David Leary: Yeah, so it's Nvoice, but no I on the word 'invoice' ... To expand their corporate payments. What it is, is FleetCor is a payments company for commercial payments, global payments. I would say that, in our space, they're probably like an enterprise version of, [00:34:30] in a way. They're a big payments play. They purchased in accounts-payable-automation tool, Nvoicepay. If you're a big enterprise doing tens of thousands of invoices, and you have an AP automation, or an AP approval process, the payments company now bought the process, so now, it's really full end-to-end workflow. 
Blake Oliver: Interesting. 
David Leary: That's the last of the merger news.
Blake Oliver: All right. Well, now everybody who's listening is up to date on the latest in app mergers. Hopefully-
David Leary: I had no news last week. I had [00:35:00] nothing last week, and then, tons this week. 
Blake Oliver: Hopefully, this is not too much inside baseball, and that people actually care about this. I'm not saying ... I find it interesting. I'm just ...
David Leary: Well, let us know. If you guys think like I'm obsessed too much with everybody becoming a bank, please let us know. I think it's important, because if the software companies that provide accounting services, and are moving data around, and understand data, and understand open platforms, they become the banks, great. Why do we have to wait for the banks to [00:35:30] release their data? Cut 'em out. That's my opinion. Just cut the banks out of the picture. Why not?
Blake Oliver: Well, hey, that's all the time we've got, today, David. If folks wanna reach us online, where's the best place for them to get in touch with you?
David Leary: Best way to get in touch with me is on Twitter, @DavidLeary.
Blake Oliver: And I'm @BlakeTOliver.
David Leary: Everybody should probably go to our Facebook page. It's just Cloud Accounting Podcast on Facebook; like that page, so if we do any Facebook Live events, you'll be notified right away that we're doing those. The other we really want somebody to do - we [00:36:00] would love it if you went to iTunes, and you left to review. If you do that, Blake will read your iTunes rating, and review on The Cloud Accounting Podcast in the next episode.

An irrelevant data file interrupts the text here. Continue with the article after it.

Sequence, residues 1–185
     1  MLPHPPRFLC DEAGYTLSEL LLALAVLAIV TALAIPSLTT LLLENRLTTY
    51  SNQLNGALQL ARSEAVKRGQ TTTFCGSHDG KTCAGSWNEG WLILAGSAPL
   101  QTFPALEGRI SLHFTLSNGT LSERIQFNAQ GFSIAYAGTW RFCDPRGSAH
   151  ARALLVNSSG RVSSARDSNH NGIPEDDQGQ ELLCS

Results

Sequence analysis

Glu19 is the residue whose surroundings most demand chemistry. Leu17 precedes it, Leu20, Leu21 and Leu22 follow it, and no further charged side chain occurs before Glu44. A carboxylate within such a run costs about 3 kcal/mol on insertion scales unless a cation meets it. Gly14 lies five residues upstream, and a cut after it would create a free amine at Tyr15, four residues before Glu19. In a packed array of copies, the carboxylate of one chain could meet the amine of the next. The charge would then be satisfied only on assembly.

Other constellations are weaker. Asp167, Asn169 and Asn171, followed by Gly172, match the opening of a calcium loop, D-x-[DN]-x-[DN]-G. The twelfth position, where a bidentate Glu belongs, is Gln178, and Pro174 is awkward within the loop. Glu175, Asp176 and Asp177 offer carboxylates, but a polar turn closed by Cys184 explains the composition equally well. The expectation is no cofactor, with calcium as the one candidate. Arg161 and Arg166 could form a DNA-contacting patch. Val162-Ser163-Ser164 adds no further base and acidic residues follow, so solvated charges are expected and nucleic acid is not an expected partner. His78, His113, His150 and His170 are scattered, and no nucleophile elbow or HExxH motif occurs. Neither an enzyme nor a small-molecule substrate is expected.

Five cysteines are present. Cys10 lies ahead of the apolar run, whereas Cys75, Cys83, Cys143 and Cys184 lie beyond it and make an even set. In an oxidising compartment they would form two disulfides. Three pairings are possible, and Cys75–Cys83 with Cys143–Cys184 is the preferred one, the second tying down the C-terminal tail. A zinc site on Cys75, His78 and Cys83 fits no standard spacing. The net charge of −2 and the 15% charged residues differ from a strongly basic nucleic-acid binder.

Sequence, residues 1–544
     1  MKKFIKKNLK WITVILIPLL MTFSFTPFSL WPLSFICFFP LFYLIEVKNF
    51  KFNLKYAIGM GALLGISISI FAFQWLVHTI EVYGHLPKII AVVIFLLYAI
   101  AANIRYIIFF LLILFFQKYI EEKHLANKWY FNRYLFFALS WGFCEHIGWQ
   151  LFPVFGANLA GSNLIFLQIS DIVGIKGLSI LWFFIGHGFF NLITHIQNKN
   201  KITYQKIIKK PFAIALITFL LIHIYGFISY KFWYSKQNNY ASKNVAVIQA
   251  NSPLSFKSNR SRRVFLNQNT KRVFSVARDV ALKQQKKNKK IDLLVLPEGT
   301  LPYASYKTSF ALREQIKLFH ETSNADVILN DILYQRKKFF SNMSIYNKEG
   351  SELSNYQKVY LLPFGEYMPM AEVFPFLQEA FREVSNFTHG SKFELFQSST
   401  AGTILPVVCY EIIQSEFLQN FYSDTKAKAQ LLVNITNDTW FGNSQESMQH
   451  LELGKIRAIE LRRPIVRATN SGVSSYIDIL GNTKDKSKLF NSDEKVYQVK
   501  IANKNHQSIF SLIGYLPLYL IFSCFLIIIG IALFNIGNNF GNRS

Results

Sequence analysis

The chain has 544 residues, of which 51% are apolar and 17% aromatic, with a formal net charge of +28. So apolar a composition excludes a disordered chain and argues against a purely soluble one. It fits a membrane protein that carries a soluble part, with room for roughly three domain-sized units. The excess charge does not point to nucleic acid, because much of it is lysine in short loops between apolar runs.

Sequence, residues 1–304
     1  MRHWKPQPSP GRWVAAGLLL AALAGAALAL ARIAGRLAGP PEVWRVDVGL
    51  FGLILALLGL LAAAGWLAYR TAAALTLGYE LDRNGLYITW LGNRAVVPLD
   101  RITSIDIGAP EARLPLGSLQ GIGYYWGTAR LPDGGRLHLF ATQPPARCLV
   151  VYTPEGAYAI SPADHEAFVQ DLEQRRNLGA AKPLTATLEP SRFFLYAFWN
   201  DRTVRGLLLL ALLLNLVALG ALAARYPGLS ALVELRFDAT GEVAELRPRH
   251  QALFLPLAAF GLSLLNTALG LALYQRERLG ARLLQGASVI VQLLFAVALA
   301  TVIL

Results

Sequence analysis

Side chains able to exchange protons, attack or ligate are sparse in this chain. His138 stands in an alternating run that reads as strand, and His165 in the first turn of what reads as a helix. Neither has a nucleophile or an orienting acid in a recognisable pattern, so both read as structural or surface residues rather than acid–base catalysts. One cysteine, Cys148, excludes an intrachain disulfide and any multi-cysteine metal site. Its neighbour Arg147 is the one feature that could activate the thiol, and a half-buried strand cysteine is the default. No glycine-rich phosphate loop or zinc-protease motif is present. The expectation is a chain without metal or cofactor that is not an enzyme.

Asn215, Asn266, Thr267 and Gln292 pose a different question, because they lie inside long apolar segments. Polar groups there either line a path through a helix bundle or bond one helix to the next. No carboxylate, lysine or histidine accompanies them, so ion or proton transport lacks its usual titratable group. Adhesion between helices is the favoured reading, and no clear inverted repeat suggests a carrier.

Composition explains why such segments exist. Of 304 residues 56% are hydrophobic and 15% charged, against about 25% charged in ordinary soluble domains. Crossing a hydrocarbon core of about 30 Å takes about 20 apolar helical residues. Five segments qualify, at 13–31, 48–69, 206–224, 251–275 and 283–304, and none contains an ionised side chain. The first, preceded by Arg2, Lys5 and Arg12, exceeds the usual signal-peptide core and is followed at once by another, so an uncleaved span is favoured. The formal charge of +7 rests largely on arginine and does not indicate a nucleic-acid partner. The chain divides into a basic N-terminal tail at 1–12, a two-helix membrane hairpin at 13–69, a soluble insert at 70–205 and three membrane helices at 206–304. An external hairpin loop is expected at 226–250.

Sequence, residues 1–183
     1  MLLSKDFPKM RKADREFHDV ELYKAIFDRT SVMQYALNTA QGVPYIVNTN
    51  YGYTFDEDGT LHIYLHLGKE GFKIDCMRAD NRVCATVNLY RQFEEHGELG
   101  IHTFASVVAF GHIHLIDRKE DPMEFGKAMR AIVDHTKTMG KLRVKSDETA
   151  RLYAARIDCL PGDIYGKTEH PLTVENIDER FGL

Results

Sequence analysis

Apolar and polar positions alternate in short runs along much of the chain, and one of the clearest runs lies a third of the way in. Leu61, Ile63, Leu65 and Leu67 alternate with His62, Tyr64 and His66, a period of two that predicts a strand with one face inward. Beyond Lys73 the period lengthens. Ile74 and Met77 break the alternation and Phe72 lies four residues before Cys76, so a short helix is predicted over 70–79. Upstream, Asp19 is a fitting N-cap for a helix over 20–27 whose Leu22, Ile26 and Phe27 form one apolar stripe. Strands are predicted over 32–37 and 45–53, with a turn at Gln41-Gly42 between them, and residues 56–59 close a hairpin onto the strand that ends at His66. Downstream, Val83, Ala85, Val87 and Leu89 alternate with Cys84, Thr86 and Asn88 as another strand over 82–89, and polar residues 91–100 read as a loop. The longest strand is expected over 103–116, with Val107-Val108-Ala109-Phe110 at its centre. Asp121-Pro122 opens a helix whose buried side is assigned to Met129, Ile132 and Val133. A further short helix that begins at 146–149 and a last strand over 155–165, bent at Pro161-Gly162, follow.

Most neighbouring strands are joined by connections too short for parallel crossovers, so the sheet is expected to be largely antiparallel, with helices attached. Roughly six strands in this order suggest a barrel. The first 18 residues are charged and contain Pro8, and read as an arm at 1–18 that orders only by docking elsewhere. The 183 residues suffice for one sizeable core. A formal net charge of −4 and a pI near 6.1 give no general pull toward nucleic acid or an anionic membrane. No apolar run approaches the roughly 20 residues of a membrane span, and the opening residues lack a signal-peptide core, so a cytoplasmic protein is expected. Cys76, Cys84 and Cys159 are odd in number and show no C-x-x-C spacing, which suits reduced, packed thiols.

Blake Oliver: Yes, although I reserve the right to edit for clarity, and appropriateness; we should put that disclosure-.
David Leary: Only five-star reviews will be read. 
Blake Oliver: No, I just wanna make sure we're not ... We haven't created a contract, here, David.
David Leary: Like a bunch of commercials, right? A bunch of spammers will go in there, and you're reading.
Blake Oliver: Yeah, well, you know, I might have to read [00:36:30] something I don't like reading. I remember, I took business law to get my CPA. I just wanna be careful of that. 
David Leary: Okay, so I won't promise too much, and if you don't wanna read it, I'll read it. We'll go down that path. 
Blake Oliver: Yeah, David'll read it, if I don't wanna read it. There we go.
David Leary: Okay, perfect, and that's a wrap, I think. I know you've got a meeting, and I've gotta pick up kids from school, everybody.
Blake Oliver: All right. Have a great weekend, David. Talk to you later. Bye. 
David Leary: All right. Bye.

Join our newsletter!

Get notified about new episodes and other updates from Blake and David

Got it. You're on the list!
Podchaser - Cloud Accounting Podcast

Copyright © 2020 Blake Oliver